Wednesday, July 6 to Friday, July 29, 2011
The Center for the Humanities will conduct a Summer Institute for schoolteachers entitled “The Sock Hop and the Loft: Jazz, Motown, and the Transformation of American Culture, 1959-1975.” The National Endowment for the Humanities’ Division of Education Programs awarded a grant to fund the institute, which will bring together thirty school teachers (including two graduate students) from various humanities disciplines including English, History, Social Studies, Art, and Music, to explore two streams of popular music within the larger context of the transformation of American taste and changing ideas about the role and importance of music in society.
This institute is critically important for two large pedagogical reasons: 1) As a way to teach teachers how to use the rise of popular music in the 20th century to teach aspects of the racial and commercial history of the United States; 2) As a way of understanding how these two streams of music and their impact on and response to American taste affected literature, film, fashion, cultural aesthetics, even language.
The institute’s instructors include Gerald Early, director of the Center for the Humanities and Merle Kling Professor of Modern Letters at Washington University in St. Louis; Patrick Burke, Associate Professor of Music at WUSTL; Sowande Mustakeem, Assistant Professor of History at WUSTL; Benjamin Looker, Assistant Professor of American Studies at St. Louis University; Matthew Calihman, Assistant Professor of English at Missouri State University; Farah Jasmine Griffin, Professor of English and Comparative Literature and African American Studies and director of the Institute for Research in African-American Studies at Columbia University; Ingrid Monson, Quincy Jones Professor of Music at Harvard University; and other noted scholars.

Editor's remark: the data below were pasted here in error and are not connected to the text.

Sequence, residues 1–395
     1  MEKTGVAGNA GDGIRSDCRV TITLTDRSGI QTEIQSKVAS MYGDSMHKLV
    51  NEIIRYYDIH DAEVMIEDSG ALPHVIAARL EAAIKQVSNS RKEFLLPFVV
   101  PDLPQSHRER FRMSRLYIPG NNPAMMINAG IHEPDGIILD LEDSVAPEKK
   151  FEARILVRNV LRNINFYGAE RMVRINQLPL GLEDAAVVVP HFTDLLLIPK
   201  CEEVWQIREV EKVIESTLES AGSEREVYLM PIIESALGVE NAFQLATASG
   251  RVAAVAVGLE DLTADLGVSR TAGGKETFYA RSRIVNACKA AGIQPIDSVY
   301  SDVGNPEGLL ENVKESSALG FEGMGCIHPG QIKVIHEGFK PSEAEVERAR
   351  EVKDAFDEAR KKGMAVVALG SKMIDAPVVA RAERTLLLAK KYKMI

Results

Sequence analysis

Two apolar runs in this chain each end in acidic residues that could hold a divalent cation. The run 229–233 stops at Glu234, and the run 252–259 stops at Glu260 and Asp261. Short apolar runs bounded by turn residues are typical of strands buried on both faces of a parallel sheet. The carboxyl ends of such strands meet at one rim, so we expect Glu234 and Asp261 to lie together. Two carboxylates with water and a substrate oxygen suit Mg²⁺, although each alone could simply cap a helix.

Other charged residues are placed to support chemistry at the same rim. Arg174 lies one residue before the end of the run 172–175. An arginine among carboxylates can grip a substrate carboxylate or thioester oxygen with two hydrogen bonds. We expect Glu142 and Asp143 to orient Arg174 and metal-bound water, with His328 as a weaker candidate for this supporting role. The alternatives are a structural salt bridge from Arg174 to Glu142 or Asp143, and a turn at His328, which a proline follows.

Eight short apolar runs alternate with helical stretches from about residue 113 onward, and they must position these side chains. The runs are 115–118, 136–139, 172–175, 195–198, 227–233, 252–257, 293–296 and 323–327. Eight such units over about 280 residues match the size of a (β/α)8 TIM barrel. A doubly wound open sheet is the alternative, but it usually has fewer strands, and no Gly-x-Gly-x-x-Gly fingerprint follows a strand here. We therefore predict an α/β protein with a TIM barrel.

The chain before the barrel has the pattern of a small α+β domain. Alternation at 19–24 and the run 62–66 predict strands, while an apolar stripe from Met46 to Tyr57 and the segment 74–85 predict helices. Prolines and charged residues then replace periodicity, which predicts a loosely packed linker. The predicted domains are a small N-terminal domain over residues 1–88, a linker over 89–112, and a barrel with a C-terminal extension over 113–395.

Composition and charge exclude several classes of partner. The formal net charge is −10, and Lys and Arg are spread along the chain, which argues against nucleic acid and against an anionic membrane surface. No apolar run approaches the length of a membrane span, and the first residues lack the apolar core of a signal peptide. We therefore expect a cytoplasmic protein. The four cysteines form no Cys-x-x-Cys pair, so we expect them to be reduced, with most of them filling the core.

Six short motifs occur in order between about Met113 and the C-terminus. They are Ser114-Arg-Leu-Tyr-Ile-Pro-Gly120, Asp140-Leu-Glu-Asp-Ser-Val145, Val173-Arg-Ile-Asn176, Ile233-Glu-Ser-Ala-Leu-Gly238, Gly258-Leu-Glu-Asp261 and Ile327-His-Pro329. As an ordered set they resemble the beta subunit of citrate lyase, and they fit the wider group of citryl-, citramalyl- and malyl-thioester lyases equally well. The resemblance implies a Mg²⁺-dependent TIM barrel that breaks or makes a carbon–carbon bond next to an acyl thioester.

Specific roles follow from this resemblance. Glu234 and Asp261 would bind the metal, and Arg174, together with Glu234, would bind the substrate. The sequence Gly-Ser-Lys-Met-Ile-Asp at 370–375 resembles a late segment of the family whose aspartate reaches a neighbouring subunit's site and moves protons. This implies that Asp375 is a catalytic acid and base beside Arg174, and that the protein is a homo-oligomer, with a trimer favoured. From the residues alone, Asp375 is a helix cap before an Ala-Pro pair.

Sock Hop and the Loft Syllabus and Readings
For more information, view the "Dear Colleagues" Letter here
Any views, findings, conclusions, or recommendations expressed in this program do not necessarily reflect those of the National Endowment for the Humanities.